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If Statins Are So Good, Why Do People Stop Taking Them?

If Statins Are So Good, Why Do People Stop Taking Them?

Statins are one of the most widely prescribed classes of drugs, used in secondary prevention of cardiovascular disease (CVD) and for patients with diseases considered high-risk CVD equivalents (eg, diabetes and chronic kidney disease), as well as for the primary prevention of CVD. In fact, indications for statins have extended their use to the perioperative period. Prescribing statins for high-risk individuals undergoing non-cardiac surgery reduces cardiovascular morbidity and mortality.1

Taking statins, however, is not as much an issue it seems as discontinuing them.

Why do people stop taking these lifesaving and life-sustaining drugs? Some fear side effects, others perceive side effects (direct-to-consumer marketing doesn’t help in this regard), and for some cost may be an issue (especially among the uninsured or underinsured).2 There also may be individuals who do not grasp the benefits of statin therapy, are never committed to the treatment in the first place, or who do not return to their care provider for refills. Something I never realized is that some people are just not attuned to taking drugs daily for a lifetime and as a result become nonadherent.2 Of course there is a critical subset of patients who discontinue as a direct result of statin side effects. Physicians and patients alike are wary of muscle problems, as well as less frequently mentioned issues such as liver injury or recent questions regarding an enhanced risk for diabetes.
 
A study just published in the Annals of Internal Medicine provides necessary insight into the question of why folks discontinue. Zhang and coworkers3 chose a cohort of 107,825 individuals for whom statins had been prescribed. The first statin prescribed was one of the single-agent formulations available—atorvastatin, fluvastatin, lovastatin, pravastatin, rosuvastatin, or simvastatin. Remarkably, 57,292 of these persons discontinued the prescribed statin at least temporarily.3 Statin-related events were documented for 18,778, or 17.4%, of these patients. The incriminating drug-related events consisted of the usual suspects, that is myalgia/myopathy (4.7%), rhabdomyolysis (0.006%), creatine kinase elevations 3 to 10 times upper limit of normal (0.092%), and hepatobiliary problems (0.70%). There were some unusual suspects as well, including memory problems (0.06%) and reproductive and breast disorders (0.09%).2 The remaining events comprise a list of reported problems that is long and suspicious for events that are not a result of medication use.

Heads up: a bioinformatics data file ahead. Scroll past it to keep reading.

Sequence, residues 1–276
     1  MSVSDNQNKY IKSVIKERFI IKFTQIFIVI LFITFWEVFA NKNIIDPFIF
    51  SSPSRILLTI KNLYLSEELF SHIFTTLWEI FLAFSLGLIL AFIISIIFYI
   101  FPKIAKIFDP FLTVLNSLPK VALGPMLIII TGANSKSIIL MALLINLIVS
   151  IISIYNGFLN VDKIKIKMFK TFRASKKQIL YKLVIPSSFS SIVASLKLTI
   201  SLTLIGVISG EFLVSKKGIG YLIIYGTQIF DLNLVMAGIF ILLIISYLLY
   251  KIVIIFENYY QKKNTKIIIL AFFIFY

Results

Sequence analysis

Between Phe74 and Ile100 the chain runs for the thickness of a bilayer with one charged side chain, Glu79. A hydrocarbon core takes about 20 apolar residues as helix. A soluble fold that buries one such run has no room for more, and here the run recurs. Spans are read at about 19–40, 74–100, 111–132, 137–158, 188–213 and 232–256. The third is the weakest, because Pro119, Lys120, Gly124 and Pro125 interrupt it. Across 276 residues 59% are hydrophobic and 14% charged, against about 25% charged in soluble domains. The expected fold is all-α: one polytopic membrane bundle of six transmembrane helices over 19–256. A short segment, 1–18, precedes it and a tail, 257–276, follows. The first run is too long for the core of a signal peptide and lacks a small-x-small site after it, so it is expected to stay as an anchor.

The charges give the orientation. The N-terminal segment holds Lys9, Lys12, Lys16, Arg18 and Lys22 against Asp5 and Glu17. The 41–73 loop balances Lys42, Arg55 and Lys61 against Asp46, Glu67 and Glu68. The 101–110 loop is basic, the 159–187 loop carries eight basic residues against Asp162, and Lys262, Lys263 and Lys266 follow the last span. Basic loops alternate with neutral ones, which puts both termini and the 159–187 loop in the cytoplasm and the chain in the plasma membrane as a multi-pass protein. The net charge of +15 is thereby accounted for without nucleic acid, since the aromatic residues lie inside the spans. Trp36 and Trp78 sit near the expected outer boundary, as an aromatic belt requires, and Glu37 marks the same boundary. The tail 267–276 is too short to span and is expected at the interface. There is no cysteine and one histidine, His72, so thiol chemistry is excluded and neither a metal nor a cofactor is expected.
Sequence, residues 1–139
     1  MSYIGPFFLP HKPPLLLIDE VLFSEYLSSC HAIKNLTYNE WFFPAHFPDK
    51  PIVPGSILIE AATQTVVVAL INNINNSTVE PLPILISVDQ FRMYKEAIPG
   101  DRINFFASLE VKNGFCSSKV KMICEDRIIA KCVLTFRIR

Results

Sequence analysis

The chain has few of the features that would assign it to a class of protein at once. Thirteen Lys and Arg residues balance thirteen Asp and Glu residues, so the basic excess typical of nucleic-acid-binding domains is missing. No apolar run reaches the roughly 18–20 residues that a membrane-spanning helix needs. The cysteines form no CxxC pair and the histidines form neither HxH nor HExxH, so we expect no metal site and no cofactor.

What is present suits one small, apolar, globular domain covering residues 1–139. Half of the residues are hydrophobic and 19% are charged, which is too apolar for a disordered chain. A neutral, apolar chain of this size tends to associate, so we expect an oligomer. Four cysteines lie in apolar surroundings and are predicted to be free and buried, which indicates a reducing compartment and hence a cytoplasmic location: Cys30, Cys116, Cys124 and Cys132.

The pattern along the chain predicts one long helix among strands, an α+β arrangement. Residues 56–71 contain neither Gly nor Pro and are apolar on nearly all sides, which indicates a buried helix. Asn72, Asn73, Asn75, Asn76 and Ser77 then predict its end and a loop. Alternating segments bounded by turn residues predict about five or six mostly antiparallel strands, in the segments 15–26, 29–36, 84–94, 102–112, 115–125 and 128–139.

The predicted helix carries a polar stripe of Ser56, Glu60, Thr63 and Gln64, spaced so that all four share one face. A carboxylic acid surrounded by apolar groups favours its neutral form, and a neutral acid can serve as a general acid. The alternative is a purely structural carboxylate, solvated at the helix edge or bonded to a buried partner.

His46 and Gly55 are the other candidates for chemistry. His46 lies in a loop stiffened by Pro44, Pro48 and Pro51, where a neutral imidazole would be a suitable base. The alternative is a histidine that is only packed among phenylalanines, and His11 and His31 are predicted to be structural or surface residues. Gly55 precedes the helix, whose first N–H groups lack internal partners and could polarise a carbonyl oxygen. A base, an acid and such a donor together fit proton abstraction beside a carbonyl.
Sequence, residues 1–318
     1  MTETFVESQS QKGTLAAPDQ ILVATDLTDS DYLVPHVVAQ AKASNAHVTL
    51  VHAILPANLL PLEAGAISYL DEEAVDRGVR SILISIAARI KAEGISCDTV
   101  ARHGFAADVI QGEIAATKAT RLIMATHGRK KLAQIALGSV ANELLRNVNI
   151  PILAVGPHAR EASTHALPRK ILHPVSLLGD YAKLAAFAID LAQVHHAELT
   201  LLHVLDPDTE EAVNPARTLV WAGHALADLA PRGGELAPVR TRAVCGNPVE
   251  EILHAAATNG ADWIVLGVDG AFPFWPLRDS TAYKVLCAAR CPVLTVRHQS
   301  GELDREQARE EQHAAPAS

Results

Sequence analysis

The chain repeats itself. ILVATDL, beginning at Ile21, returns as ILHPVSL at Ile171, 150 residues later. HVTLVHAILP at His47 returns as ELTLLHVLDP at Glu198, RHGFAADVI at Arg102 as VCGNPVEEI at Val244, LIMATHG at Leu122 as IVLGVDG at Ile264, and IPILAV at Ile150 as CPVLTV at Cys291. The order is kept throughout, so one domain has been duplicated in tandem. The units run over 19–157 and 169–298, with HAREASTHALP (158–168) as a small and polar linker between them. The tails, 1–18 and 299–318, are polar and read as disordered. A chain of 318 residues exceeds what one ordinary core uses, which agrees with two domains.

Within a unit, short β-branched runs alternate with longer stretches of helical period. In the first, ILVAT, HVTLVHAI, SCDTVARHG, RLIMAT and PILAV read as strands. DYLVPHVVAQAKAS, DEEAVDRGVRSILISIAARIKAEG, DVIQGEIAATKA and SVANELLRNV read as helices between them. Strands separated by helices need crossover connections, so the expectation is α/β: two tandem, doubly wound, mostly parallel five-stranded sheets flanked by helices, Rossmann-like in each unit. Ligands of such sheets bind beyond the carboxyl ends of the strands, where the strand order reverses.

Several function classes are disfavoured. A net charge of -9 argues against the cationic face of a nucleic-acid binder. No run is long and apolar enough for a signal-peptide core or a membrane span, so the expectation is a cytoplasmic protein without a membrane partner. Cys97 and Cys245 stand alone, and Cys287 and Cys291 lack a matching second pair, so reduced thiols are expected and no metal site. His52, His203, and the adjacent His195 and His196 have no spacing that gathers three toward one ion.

The important primary care lesson is contained in the statin rechallenge category. Of the 11,124 persons who had statins discontinued for any period of time, 6579 were rechallenged over the ensuing year. A provocative 92.2% of these individuals were still taking a statin 12 months after the initial statin-related event. Even more interesting, among the 2721 patients who were rechallenged with the same statin, 1295 continued it and 996 of them were taking the same or a higher dose. The other individuals in this particular group (n=1426) benefitted from a switch to another statin—a good strategy to promote adherence.
 
The study authors summarize their findings this way, “. . . most patients who are rechallenged [with statins] can tolerate statins long-term. This suggests that many of the statin-related events may have other causes, are tolerable, or may be specific to individual statins rather than the entire drug class.” Just because a patient has an event while taking statins does mean these important drugs are out of the picture.

Please—develop strategies to follow and improve statin adherence in your practice.        
  
References:

1. Chan WW, Wong GT, Irwin MG. Perioperative statin therapy. Expert Opin Pharmacother. 2013 Mar 25; [Epub ahead of print]. (Abstract)
2. Grundy SM. Statin discontinuation and intolerance: the challenge of lifelong therapy. Ann Intern Med. 2013;158:562-563. (Preview)
3. Zhang H, Plutzky J, Skentzos S, et al. Discontinuation of statins in routine care settings: a cohort study. Ann Intern Med. 2013;158:526-534. (Abstract)

 

 
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